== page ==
Aboriginal rights

Despite an overwhelming 'Yes' result in the Referendum, the everyday lives of Aboriginal people remained the same.

The referendum did not:

  • - grant any extra legal or political rights.
  • - cover land rights.
  • - lessen discrimination.
  • - improve health, housing or education services.

The Referendum removed the discriminatory words and limitations to Aboriginal people in the Constitution, but the Commonwealth continued to leave the running of Aboriginal affairs largely to the government in each state.

In some states, Aboriginal people still could not travel from place to place, control their own money, drink alcohol or marry without permission.

"The overwhelming ‘Yes’ vote sent a clear message that Australian people were supportive of change for Indigenous Australians but nothing in our daily life changed. We were still governed by the Western Australian Native Welfare Act but the ‘Yes’ Vote left us with a sense of hope that things would change."Aboriginal man, living in Corrigin in 1967

The Natives (Citizenship Rights) Act of 1944

In Western Australia, Aboriginal people still had to apply to be an Australian citizen. This was part of the Natives (Citizenship Rights) Act of 1944.

To apply, Aboriginal people had to prove that they had:

  • - severed all ties with their Aboriginal family and friends.
  • - were free from disease.
  • - could speak English.
  • - been ‘civilised’ in behavior for two years.
  • - could manage their affairs.
  • - were industrious in their habits.
"Before 1967 you had to apply for citizenship rights. They’d check up with the police what kind of person you were, then write you a letter saying if you got it or not. My Dad applied but they refused because he was known to have a drink and he lived in a camp."Pat Kopusar, Yes Aborigines do count! Wangka Maya, Pilbara Aboriginal Language Centre, May 1992.

If an Aboriginal person was successful, citizenship did not automatically extend to their children. Their children had to apply under the same rules once they became adults.

A person could have their citizenship taken away if:

  • - they were seen to have rejected ‘civilised’ life.
  • - been convicted twice of any felony.
  • - found drunk.
  • - had contracted leprosy, syphilis, granuloma or yaws.

Anyone could make a complaint to the court to revoke someone’s citizenship.

This inhumane treatment meant that many people referred to Citizenship Certificates as dog tags or dog licenses. 

Many Aboriginal people in Western Australia had thought the 1967 Referendum would automatically repeal this Act. However this did not happen until 1971.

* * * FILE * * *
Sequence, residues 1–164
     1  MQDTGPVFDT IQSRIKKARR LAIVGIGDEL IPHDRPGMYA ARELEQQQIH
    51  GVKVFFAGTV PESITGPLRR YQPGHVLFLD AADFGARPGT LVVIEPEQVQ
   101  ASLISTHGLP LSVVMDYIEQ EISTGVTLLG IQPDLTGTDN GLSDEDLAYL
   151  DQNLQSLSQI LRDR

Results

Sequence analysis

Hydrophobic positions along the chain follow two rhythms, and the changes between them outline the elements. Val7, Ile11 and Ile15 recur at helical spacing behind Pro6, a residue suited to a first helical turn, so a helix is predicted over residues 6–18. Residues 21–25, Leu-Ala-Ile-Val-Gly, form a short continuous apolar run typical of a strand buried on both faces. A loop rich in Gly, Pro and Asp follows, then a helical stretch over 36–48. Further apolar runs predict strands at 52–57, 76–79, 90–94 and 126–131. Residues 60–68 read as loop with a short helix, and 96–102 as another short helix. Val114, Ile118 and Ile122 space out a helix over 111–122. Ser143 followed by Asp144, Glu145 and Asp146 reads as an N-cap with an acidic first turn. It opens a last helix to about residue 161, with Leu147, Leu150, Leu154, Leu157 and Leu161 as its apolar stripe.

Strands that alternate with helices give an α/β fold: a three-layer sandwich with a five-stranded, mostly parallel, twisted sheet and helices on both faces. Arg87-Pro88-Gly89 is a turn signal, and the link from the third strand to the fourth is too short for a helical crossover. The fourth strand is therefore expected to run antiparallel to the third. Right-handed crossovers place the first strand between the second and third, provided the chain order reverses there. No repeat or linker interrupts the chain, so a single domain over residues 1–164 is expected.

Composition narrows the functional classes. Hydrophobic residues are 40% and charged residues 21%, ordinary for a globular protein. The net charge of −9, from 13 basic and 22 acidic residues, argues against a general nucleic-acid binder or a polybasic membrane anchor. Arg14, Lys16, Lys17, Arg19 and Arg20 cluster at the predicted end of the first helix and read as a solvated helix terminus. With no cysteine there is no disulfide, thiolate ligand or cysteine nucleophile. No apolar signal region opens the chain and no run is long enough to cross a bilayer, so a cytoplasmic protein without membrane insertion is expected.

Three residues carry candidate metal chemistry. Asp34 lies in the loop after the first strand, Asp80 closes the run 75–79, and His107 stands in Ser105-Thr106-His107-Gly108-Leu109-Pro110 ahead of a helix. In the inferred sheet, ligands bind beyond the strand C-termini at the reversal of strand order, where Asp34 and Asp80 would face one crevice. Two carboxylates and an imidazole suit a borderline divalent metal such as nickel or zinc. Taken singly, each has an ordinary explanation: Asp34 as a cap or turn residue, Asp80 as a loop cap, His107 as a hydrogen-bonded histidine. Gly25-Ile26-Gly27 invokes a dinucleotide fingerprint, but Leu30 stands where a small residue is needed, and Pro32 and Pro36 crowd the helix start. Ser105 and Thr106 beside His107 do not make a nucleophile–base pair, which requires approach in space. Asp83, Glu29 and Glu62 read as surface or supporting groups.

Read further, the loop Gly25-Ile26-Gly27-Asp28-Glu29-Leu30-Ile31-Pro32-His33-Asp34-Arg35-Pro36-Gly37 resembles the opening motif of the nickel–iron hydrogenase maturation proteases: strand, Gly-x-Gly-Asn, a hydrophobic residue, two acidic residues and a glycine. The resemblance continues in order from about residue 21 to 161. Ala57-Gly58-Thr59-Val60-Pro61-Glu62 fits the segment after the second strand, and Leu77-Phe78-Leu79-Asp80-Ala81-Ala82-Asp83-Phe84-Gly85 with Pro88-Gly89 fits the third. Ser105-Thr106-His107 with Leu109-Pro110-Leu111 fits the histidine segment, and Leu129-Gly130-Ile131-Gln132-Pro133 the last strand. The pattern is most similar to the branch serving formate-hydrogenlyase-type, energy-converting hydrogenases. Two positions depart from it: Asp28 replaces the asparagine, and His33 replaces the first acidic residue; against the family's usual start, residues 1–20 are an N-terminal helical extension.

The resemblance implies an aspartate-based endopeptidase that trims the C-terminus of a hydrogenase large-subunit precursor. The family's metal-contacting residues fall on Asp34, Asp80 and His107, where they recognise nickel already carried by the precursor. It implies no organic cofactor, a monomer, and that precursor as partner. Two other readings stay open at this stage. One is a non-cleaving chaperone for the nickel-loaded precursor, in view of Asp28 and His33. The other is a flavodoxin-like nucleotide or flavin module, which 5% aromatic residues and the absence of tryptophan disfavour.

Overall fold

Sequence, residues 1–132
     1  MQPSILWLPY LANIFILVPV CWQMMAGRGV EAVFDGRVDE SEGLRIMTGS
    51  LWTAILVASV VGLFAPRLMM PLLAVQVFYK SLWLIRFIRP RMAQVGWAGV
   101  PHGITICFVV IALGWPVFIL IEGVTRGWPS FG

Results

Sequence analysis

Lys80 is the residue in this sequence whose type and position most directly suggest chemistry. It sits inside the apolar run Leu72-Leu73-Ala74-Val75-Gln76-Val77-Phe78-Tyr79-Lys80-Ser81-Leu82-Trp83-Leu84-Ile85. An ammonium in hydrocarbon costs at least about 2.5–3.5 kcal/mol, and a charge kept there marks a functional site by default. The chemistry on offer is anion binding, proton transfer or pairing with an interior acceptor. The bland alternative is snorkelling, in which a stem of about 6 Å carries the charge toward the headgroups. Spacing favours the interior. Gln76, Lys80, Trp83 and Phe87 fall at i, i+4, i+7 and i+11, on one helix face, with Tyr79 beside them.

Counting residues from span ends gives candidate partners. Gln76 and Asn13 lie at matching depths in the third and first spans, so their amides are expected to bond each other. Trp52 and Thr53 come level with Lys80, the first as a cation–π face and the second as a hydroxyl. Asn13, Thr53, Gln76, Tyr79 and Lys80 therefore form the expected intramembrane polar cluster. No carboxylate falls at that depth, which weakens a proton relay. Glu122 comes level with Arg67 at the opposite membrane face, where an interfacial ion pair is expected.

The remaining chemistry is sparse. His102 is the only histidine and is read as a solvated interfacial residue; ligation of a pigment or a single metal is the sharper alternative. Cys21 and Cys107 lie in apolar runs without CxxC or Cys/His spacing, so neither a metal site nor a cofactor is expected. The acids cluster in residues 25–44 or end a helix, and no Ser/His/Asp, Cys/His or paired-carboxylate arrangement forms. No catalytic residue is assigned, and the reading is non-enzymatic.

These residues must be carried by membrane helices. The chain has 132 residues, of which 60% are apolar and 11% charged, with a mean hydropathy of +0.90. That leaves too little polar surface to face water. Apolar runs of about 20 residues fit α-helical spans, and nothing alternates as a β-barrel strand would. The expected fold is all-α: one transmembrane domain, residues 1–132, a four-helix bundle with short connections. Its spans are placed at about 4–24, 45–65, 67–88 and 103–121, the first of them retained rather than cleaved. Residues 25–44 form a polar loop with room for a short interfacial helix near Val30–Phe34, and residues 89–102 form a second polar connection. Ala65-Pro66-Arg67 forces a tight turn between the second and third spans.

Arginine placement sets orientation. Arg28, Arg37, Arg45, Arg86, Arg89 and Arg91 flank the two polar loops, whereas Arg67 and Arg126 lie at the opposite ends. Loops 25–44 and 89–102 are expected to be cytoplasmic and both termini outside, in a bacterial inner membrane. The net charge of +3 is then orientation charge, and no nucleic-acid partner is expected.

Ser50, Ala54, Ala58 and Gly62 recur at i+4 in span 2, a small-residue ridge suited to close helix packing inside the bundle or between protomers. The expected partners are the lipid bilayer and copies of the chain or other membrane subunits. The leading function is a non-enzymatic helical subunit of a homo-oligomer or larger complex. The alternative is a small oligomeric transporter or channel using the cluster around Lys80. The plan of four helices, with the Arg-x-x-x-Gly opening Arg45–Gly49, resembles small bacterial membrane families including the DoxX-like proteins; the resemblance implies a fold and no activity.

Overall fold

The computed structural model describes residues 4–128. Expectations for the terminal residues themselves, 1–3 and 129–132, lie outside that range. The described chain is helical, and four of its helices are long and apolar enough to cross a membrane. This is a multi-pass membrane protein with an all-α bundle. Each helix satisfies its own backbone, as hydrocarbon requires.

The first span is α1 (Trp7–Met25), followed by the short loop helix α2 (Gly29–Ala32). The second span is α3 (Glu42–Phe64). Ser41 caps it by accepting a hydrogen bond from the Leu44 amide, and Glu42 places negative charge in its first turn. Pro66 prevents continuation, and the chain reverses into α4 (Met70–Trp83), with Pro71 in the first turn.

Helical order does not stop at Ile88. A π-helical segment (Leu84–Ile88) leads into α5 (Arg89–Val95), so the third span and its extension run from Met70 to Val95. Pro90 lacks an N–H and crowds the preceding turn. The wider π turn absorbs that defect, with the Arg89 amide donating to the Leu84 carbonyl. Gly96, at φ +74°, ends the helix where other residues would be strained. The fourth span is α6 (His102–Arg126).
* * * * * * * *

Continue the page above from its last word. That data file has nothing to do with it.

Towards reconciliation and equality

"The best intentions have not achieved change. For many of us, Constitutional recognition is the priority area, with increasing acceptance of the notion that a treaty or treaties is unfinished business, whose time is coming. But in every area of life for our people, inequality persists. Much more needs to be done." Senator Patrick Dodson, 2017

It has taken time for real change to happen and there is still a long way to go. Aboriginal people continue to suffer disadvantage in life expectancy, child mortality, education and employment. Aboriginal communities are still fighting for recognition as First Peoples in the Australian Constitution. Campaigns such as Close the Gap and Recognise are leading the way for next steps in these areas.

New approaches to reconcilliation have been explored in recent projects by major institutions including the Western Australian Museum, National Museum of Australia and British Museum. These institutions are actively working to reconnect collection objects with their communities.

Page one photograph, Sydney Morning Herald, 25 May 1967.
Page one photograph, Sydney Morning Herald, 25 May 1967.
Image Courtesy Fairfax

In Western Australia  there has been significant moments of progress over the last 20 years for Aboriginal rights and equality.

In 1997, WA became the first state to issue a parliamentary apology to Aboriginal people who were taken away from their families from 1900 to the 1970s.

In 2015, the state constitution was changed to officially recognise Aboriginal people as the First People of Western Australia and the traditional custodians of the land.

On the 50th anniversary of the 1967 Referendum, we reflect on the past and look to the future. The legacy may not yet be realised but it opened the doorway for change, moving towards reconcilliation, we continue to build on the humanity and spirit of the individuals who shone a spotlight on discrimination and inspired so many Australians to write 'Yes'.